Kayak Report

By: Capt. Alex Gorichky

Logan Gorichky sampled some first class Spring seatrout with his dad Capt Alex of LocalLinesCharters.com
April is a month stuffed full of fun with everything from spawns to transitions keeping Space Coast anglers on their. Bait species of all sorts will flood the flats and fill our lakes. Gamefish like the snook will look to evacuate their backwater winter holding areas and make fast for the inlets, port and beaches. Yet another really warm winter all but ensures that our snook stocks will be through the roof. The east coast didn’t have the die-offs as severe as the west coast did a few years back so some of our east side fish are bordering on the ridiculous size. One fishery I always look forward to is the Mega Jack Crevalle off the Space Coast beaches. Crazy hard fights from the 25-50 jacks will test your tackle and stamina. This fishing is not for the faint hearted, as the strike alone is liable to stop it from beating. Typically right on their heels or tailfins in proper speaking will meander in our massive tarpon. I would be negligent as a guide, outdoor writer, and fisherman of the central Florida waters if I didn’t include some Seatrout talk in an April fishing forecast. With the spawn going wide out, bait flooding the flats, and warming waters the best chance for a trophy “gator” trout is now! You can catch a seatrout in at least 1,000 different ways, and all are fun in their own respects. However in my book there is but only one true way to fish for large seatrout, a topwater plug! Utilized early or late in the day at lower light time periods for the best results, and always a Walk-the-Dog style to tempt the biggest ole girls. I say girls for a reason and this bit of knowledge can go a really long way. All seatrout over 25 inches are female, and a good portion of the fish 23-25 inches are too. Below that 23(ish) inch mark it’s anyone’s guess, and that makes me extremely selective of the fish I’ll keep to help maintain the brood stock. This is especially important in areas of the Banana River Lagoon that suffered from the fish kill last year. Those resident populations of trout will need some time to reestablish. I prefer to look at a trout in the 18-22 inch range as the perfect dinner guest to invite home with you, if you are wanting to do that. I always use best fish handling practices to guarantee the heathy release of our larger fish. I also swap a good portion of my topwater plugs to an in-line j-hook (made by VMC) and ditch the standard treble hooks. Much less chance of damage to the valuable breeder fish and they seem to give my clients/self a considerably better caught fish ratio with big trout. Less foul hooked fish, so way less fish pulled off in the fight.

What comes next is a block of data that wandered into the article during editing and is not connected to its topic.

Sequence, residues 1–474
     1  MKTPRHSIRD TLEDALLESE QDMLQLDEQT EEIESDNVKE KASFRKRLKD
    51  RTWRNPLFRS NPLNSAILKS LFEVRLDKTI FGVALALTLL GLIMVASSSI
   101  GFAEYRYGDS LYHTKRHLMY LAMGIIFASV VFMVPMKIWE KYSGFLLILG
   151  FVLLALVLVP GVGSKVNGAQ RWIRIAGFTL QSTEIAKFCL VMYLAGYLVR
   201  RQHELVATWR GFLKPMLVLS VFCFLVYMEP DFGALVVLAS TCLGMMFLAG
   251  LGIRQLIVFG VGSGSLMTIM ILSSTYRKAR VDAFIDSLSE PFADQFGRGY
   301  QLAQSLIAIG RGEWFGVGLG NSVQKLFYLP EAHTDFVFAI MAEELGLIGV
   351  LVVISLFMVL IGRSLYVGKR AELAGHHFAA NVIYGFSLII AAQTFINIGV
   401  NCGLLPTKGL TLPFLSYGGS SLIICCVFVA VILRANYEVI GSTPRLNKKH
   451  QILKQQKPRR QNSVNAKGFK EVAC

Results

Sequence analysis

Capt. Alex Gorichky
LocalLinesChartes.com
Space Coast fishing guide
Kayaks By Bo team paddler
Contact Capt. Alex @
321-480-3255

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